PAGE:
Auntie Beeca broke her foot. She was coming down the stairs, missed the final step and – like Mitch Rapp had been lying in wait – faceplanted on the landing as though she had been taken out by a sniper.
I can only assume she was doing a load of laundry. Because clearly, laundry will kill you. And also, breaking yourself on a load would be a great excuse to never do it again. “I…I just can’t. Laundry has literally broken me.”
I’ve been rather prolific with my writing lately, because I’ve been avoiding the ever-growing laundry pile procreating more clothes in my own upstairs bedroom. Although I think we may now be reaching the point where it has won this game of chicken. I am going to have to fold and put away clothes. (So of course, I’m writing to you about my situation.)
When Beeca and I were college roommates, I had a little trail. Clothes were littered from my bed to the closet to the hamper (which was pretty much the span of our luxury living dorm room), as though I was leaving Hansel and Gretel-like geographic markers to remind myself which step came next in my routine. (Hey – college mornings were a bit of a haze, ok?)
After a while, Beeca would gather everything up and dump it all in my closet. I took it as a sign of love – the trail was obviously one of my more endearing quirks.
You see, putting away laundry is such an arduous process. I have just enough OCD in me to dictate that everything has to be JUST. SO.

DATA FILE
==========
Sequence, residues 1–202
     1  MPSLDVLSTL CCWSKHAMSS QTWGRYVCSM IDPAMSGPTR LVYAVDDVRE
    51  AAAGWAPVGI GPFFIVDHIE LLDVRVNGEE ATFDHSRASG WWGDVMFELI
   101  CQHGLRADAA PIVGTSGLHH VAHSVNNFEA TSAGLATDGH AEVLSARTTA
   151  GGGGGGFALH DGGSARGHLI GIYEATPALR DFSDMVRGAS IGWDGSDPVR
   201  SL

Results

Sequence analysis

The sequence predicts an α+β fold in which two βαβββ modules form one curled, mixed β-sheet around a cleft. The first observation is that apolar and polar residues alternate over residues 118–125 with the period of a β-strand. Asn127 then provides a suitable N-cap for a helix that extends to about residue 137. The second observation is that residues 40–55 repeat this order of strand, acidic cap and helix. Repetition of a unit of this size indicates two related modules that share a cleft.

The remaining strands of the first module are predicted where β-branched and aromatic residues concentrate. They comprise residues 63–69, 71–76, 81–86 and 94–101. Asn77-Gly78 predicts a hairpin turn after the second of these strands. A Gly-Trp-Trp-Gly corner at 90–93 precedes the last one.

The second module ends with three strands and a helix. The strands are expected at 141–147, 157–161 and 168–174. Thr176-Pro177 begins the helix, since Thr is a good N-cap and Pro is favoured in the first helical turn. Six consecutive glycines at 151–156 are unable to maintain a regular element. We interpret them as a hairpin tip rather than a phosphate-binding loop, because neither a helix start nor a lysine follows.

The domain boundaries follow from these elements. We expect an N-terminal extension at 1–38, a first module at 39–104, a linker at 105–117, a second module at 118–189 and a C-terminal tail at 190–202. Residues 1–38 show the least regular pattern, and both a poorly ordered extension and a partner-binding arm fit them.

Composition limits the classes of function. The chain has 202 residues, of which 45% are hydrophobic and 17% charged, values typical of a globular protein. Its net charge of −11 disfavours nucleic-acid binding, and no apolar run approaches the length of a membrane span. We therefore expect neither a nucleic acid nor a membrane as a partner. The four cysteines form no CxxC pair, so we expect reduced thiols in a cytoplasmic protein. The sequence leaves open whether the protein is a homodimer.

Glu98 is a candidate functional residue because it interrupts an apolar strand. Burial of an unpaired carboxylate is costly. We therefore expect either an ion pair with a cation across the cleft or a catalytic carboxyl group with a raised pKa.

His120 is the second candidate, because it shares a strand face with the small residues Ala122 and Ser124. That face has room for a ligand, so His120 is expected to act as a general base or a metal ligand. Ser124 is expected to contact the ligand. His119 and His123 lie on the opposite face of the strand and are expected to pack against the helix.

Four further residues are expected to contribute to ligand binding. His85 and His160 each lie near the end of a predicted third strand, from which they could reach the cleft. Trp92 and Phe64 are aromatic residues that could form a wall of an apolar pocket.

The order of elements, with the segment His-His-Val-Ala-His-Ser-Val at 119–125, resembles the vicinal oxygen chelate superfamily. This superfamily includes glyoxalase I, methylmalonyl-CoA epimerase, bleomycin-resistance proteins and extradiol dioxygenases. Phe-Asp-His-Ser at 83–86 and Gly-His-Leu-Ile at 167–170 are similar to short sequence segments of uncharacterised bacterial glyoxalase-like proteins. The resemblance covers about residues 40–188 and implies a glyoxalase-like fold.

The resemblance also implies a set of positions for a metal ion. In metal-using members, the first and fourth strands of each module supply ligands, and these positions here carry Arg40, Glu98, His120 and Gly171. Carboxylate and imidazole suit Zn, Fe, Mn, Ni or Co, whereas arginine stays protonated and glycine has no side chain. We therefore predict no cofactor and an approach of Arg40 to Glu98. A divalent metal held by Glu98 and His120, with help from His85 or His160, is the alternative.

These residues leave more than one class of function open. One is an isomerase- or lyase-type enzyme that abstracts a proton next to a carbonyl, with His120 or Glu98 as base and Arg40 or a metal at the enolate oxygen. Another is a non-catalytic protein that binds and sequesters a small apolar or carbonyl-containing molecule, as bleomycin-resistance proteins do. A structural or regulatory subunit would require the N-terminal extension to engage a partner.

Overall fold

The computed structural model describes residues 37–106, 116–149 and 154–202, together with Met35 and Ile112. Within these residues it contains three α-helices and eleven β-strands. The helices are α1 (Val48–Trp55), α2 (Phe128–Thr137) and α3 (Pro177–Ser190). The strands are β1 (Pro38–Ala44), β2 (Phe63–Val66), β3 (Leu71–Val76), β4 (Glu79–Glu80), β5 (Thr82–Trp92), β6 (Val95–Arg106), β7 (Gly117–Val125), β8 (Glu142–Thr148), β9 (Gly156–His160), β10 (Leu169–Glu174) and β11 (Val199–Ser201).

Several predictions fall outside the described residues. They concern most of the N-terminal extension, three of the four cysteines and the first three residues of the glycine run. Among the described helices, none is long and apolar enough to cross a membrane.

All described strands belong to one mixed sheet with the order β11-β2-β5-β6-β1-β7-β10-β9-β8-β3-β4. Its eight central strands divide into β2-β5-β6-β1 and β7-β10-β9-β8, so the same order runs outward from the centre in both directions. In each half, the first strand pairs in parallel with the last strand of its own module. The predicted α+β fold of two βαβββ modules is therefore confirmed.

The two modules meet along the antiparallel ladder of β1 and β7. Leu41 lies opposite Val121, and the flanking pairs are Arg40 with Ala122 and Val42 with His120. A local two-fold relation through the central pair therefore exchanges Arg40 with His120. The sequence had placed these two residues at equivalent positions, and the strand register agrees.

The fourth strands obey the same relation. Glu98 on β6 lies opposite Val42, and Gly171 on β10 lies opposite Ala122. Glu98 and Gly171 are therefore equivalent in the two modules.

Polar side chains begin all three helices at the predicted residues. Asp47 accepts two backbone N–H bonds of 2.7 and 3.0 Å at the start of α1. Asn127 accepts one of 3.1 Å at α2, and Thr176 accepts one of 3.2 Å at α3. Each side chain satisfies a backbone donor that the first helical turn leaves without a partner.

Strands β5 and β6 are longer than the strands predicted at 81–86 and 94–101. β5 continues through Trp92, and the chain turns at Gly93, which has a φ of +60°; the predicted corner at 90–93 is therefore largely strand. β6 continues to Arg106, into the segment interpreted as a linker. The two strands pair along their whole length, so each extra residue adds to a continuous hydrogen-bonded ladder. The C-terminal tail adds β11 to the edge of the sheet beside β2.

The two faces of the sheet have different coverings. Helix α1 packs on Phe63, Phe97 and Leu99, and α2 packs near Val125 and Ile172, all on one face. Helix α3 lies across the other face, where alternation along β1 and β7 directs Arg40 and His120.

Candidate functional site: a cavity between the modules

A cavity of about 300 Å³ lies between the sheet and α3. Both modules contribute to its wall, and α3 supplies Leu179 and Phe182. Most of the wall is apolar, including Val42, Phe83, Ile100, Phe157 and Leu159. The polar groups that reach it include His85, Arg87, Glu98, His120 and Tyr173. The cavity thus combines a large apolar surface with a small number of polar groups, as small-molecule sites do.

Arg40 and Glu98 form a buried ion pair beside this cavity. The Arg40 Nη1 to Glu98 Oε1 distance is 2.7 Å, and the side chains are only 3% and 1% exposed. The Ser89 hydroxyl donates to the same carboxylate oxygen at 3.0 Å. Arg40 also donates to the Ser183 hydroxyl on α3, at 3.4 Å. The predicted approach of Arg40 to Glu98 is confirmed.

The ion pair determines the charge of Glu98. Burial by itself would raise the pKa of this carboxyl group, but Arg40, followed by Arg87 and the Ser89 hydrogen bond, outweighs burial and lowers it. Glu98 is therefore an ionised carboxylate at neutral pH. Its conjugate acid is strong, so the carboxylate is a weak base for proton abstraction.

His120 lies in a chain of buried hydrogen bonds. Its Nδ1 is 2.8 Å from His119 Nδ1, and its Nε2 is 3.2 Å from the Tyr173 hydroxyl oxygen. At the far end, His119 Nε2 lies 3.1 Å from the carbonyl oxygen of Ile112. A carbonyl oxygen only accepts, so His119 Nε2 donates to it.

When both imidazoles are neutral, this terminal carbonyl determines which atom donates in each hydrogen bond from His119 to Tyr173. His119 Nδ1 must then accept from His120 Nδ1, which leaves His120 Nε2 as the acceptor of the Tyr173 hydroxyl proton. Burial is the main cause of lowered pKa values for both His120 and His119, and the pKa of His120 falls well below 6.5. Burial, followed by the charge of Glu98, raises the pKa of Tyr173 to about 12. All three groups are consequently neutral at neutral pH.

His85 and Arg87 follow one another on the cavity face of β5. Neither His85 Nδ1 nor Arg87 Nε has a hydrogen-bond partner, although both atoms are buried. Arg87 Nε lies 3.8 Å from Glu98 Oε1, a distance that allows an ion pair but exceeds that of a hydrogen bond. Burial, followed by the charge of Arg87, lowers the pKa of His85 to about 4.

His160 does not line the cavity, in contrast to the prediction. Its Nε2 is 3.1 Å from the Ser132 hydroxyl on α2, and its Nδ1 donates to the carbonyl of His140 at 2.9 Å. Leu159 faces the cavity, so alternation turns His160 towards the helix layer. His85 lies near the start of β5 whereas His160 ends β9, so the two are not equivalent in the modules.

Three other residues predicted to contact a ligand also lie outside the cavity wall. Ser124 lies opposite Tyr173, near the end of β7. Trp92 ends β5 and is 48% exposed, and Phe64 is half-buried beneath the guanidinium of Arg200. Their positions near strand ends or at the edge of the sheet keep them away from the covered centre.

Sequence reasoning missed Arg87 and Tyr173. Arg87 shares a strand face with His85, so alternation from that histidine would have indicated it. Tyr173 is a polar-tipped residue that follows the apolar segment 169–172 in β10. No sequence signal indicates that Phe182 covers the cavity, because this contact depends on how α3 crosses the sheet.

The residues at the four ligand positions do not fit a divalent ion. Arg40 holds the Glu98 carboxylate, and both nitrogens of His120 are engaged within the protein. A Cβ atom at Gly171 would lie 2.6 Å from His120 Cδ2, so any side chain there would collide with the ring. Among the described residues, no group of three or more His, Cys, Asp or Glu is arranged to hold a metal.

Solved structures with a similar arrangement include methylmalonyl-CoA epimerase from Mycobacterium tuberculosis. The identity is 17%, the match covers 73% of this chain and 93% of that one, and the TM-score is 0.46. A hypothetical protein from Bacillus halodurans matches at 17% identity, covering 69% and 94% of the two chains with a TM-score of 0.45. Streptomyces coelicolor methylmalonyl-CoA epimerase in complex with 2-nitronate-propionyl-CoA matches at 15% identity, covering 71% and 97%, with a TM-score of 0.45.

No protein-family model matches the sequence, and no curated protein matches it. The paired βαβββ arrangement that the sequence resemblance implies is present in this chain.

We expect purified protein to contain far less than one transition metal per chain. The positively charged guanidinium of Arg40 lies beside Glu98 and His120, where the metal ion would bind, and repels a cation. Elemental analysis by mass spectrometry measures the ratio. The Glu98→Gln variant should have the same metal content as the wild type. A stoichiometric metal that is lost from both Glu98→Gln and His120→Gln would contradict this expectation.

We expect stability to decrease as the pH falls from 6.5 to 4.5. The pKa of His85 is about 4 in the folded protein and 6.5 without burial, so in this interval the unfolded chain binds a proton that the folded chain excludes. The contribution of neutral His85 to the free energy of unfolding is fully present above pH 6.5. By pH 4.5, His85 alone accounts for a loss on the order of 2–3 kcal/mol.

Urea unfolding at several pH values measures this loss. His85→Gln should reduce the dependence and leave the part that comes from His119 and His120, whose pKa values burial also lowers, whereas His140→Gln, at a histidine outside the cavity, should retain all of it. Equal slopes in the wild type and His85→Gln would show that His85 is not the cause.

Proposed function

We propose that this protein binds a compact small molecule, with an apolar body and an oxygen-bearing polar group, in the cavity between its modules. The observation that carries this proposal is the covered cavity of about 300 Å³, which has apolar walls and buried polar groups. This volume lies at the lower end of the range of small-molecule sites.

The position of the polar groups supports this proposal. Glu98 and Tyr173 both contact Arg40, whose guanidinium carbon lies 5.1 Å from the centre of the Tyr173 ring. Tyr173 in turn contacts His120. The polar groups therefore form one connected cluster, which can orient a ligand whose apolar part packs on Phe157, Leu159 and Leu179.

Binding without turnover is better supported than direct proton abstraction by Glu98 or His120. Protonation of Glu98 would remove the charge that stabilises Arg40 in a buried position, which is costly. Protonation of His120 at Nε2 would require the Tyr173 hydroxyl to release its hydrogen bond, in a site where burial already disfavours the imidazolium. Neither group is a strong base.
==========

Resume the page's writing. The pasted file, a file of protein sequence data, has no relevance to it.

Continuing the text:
When I traveled for work recently, the hotel-issue hangars were facing the wrong way. This made it very difficult for me to hang up my “business casual” attire, so I solved the problem by just laying everything out on the extra bed in the room.
There is an exact science to putting away the laundry. Everything must first be sorted into piles on the bed, and then folded. Hanging shirts are laid out on the left, while pants and skirts are laid side by side on the right. Pajamas are rolled in the corner, while folded undershirts are prepped for the drawers above the hanging stack. Each sock much be matched and rolled into a ball to remain with its proper mate.
Then it’s time to hang the designated articles. Beginning with sweaters and ending with tank tops – long sleeve shirts and short-sleeves in the middle, hung in order of decreasing sleeve length. And obviously organized by color. ROY G BIV, from dark to light. It’s a system.
When I was pregnant and relegated to bedrest (before becoming an inmate in baby jail getting admitted to the hospital), Jon decided he was going to help out and put away all the clothes. This turned out to be far more stressful than helpful. Because I was sitting/lying *in* the bed trying to direct the process. To complicate matters further, Jon is left-handed so he kept doing it backwards – even under my expert tutelage.
Please note: Jon is not allowed to put away clothes. (My husband is fantastic and does way more around the house than me, including washing of the dirty clothes. However he does not properly follow laundry-folding protocol. So he just rolls his eyes and lets me do my thing. I take it as a sign of love – the system is obviously one of my more endearing traits.)
Unfortunately, I don’t think I have any clothes left. And there comes a point, when you find yourself spelunking through the self-created caves and caverns of Mount Garment in search of underwear, where you finally accept it’s time to sign off the blog, shut down the computer and leap headfirst into the volcano of apparel to appease the gods.
Although, I’m just saying – if the next time you hear from me I’m lamenting a broken bone…we’re gonna learn to live with laundry on the floor.